(Bloomberg) -- Colombian President Gustavo Petro’s proposed modifications to the Bogota metro would cost the nation as much as 15 trillion pesos ($3.3 billion) extra, according to a government official. 

Since he was mayor of Bogota, Petro has argued that the system should be underground to reduce the impact on the capital, Transport Minister Guillermo Reyes told Blu Radio. 

The contract of more than $4 billion for the construction of the capital’s first metro line was awarded in 2019 by then-mayor Enrique Penalosa, who succeeded Petro. Penalosa favored an overground system, which is now in the early stages of construction. 

Authorities are analyzing changes which include having part of the system run underground as well as adding an additional 3.9 kilometers to it, Reyes said. The additional funds would come from the nation’s budget, not from the city, and would prolong the time of construction by as much as five years, he added.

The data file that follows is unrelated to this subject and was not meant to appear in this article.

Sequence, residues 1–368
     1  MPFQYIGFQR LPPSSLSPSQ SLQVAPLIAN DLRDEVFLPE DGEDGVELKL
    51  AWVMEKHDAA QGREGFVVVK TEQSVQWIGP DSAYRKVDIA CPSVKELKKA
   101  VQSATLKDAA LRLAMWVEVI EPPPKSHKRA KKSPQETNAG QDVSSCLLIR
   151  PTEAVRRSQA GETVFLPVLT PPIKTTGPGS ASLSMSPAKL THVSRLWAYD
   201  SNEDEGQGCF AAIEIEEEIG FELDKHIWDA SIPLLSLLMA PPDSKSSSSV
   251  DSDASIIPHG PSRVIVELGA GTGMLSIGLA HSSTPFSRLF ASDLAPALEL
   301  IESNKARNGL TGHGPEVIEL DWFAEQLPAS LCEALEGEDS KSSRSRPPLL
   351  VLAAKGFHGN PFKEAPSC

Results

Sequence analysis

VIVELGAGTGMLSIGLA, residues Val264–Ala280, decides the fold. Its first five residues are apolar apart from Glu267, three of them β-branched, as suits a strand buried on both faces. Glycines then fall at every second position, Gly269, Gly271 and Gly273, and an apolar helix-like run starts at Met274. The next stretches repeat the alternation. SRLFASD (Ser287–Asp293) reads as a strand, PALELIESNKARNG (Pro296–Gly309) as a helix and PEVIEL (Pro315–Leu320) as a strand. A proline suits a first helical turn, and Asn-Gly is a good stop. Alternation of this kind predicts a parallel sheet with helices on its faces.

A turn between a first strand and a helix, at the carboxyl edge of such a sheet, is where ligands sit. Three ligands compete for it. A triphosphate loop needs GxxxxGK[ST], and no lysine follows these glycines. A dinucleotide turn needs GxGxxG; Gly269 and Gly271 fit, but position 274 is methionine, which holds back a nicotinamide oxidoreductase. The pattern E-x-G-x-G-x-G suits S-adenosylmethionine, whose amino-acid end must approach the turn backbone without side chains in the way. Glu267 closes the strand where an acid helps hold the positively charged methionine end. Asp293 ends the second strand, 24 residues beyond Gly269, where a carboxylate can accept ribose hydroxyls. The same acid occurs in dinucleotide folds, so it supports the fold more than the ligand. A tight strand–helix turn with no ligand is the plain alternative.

The consortium met with Petro and Bogota mayor Claudia Lopez Wednesday to present five alternatives. 

Of these, they recommend building the additional 3.9 km underground segment, for reasons of “technical and legal viability”, Lopez told reporters. The consortium is advising against Petro’s proposals.  

The group of companies building Bogota’s subway include China Harbor Engineering Co., Xi’An Metro Co. and Canada-based plane and train manufacturer Bombardier Inc.

--With assistance from Oscar Medina.

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